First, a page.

Today in Toronto, Jo-Wilfried Tsonga played the kind of match that everyone knew he had in him, but which he’s rarely exploited when facing a top player. Like he's done to many lesser opponents, he overpowered world No. 1 Novak Djokovic, 6-2, 6-2, in the third round of this Masters tournament in a mere 63 minutes.

Some will object that Djokovic was off his game, perhaps unwilling to extend himself after the barnburner he won over Gael Monfils yesterday. Perhaps the recent Wimbledon champion and new husband felt no particular urgency to extend his unbeaten streak in sets over Tsonga to a staggering 19. Be that as it may, the bottom line is that Tsonga, currently 15th in the rankings, has been struggling lately, and this was just the kind of win he needed to demonstrate—perhaps even to himself—that he can’t be written off as a Grand Slam contender.

It all began to go wrong for Djokovic almost from the start. He was broken early, and in a flash Tsonga built a 4-2 lead. The next game was a portent. Djokovic started it with a double fault, won the next point, than made two lazy slice-backhand errors to go down break point. Tsonga cashed in when Djokovic attacked the net and drove a makeable backhand volley out.

Tsonga wasted no time capitalizing on that 5-2 lead. He never trailed in the next game and won the set with a ground-shaking inside-out forehand winner off a decent Djokovic backhand return.

Tsonga threatened in the very first game of the second set, forcing three deuces. He didn’t see a break point, though, until the final one. That he converted successfully with a point that personified Tsonga’s game at its best. After a brief, quality rally, he rambled toward the net, then punched out a crisp, down-the-line, backhand volley. Djokovic got his racquet on the ball and lofted back a lob. Tsonga backpedaled and buried the smash. 1-0, Tsonga.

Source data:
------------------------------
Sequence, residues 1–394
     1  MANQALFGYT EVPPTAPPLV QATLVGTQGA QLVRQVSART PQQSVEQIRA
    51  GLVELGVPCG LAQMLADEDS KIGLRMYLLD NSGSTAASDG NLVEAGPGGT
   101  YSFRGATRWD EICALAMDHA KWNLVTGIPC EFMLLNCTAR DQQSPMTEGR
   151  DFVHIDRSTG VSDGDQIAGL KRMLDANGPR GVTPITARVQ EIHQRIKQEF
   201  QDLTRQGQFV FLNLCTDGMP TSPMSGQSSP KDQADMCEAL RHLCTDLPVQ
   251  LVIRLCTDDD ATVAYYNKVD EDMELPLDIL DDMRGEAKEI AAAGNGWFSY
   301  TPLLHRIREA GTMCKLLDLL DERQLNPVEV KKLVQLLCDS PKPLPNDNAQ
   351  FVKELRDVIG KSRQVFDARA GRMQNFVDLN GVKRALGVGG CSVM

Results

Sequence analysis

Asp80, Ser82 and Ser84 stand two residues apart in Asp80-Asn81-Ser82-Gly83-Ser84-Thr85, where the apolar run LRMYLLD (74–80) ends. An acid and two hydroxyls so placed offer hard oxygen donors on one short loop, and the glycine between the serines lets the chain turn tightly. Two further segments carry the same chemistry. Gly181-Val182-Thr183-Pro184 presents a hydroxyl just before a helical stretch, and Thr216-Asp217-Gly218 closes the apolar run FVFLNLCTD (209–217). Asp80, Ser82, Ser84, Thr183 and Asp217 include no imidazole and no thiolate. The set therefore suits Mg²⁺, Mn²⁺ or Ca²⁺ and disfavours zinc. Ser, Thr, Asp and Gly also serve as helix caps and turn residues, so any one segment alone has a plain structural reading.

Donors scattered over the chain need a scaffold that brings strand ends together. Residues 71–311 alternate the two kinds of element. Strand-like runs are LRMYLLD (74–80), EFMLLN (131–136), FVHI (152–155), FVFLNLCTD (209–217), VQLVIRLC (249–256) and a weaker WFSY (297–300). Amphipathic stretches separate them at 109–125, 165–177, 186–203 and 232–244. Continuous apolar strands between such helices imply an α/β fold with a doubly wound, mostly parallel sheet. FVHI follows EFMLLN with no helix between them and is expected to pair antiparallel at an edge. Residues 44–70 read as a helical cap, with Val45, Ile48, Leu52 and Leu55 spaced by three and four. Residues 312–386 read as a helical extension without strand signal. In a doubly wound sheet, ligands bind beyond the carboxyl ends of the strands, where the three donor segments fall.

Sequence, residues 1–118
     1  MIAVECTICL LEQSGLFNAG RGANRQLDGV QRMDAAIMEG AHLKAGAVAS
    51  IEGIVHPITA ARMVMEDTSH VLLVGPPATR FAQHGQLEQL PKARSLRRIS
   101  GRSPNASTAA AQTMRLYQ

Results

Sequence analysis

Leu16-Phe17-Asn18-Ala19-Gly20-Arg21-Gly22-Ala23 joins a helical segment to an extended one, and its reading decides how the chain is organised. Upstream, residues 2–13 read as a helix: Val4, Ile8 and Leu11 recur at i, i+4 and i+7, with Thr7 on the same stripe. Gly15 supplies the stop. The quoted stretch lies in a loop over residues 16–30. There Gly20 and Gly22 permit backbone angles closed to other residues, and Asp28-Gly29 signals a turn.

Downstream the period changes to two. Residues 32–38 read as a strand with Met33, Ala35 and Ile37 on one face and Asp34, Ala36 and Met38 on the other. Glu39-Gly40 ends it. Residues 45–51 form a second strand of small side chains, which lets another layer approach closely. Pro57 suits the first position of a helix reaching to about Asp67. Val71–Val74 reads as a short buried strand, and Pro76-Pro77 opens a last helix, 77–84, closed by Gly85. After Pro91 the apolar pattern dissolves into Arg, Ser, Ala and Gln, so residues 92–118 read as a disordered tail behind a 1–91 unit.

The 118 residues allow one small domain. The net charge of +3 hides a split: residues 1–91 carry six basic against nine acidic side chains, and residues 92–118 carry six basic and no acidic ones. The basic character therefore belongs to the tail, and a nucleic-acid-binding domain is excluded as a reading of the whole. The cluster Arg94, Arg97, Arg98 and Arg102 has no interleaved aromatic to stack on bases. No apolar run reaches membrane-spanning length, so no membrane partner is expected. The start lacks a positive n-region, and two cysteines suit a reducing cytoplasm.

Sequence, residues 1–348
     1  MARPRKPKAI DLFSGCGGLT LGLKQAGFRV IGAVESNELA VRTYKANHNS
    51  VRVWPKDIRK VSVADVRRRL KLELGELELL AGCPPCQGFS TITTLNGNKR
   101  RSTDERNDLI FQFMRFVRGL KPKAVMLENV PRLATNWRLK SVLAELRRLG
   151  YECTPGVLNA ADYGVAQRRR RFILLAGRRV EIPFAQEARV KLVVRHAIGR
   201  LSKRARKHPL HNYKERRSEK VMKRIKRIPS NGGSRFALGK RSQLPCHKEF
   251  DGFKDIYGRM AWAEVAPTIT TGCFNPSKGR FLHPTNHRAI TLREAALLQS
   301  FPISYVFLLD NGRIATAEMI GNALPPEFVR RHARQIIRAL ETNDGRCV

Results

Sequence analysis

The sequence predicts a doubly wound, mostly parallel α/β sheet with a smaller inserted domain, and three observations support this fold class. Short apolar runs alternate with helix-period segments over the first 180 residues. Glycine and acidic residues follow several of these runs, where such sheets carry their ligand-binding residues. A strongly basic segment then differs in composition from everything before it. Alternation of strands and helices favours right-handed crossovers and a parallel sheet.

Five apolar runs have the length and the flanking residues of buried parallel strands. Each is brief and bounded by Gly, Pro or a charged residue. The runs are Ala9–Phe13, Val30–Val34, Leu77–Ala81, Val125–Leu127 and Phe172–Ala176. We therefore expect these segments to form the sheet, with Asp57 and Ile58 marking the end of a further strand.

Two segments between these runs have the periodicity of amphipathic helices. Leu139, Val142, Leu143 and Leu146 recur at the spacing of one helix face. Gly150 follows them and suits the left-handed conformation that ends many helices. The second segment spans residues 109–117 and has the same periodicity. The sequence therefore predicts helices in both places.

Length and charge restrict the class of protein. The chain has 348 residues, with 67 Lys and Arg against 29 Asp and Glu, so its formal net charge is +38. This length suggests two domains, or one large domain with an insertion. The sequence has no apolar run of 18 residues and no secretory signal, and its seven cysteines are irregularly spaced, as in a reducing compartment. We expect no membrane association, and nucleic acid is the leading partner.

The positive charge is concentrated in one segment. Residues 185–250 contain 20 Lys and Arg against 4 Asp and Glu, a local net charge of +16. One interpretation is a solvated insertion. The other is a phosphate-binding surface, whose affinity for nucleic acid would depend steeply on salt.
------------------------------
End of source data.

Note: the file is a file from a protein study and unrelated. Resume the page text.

Tsonga lost a 40-15 lead in the next game and found himself at deuce. He won the next point with a smash to avert break point and followed with an unreturned serve to Djokovic’s backhand. He then broke Djokovic again for the critical insurance break and served at 3-0.

By then, the pattern was abundantly clear. Tsonga was returning better than the best returner in the game. He was rallying more successfully than one of the two best ralliers in tennis (the other being Rafael Nadal). And Tsonga, despite having a vulnerable backhand to defend with, was winning the battle between his offense and Djokovic’s vaunted defense.

Tsonga put in a strong hold for 4-0, and Djokovic finally logged an easy game of his own. But the stats said at that point that Tsonga had won 25 rally points to Djokovic’s 15, and the meaning of that was reflected in the score. The men traded holds again to take the score to 5-2 in favor of Tsonga.

Djokovic finally saw a break point—his first of the match—in the eighth and final game, but Tsonga took care of that with an ace. He then crushed a serve that almost knocked the racquet out of Djokovic’s hands on the backhand side.

Tsonga had held match points against Djokovic before, and in a Grand Slam (the French Open) no less. And that didn’t work out so well. This time, however, he blasted another serve to Djokovic’s forehand, and the inside-out return flew just out.

On the day, Tsonga hit more than twice as many winners as Djokovic (23-11), and made just five more unforced errors (23). The most telling stat? Tsonga won rallies that lasted longer than nine shots six times to just two for Djokovic.

To borrow and twist that famous phrase uttered by Vitas Gerulaitis: Nobody takes 19 sets in a row off Jo-Wilfried Tsonga!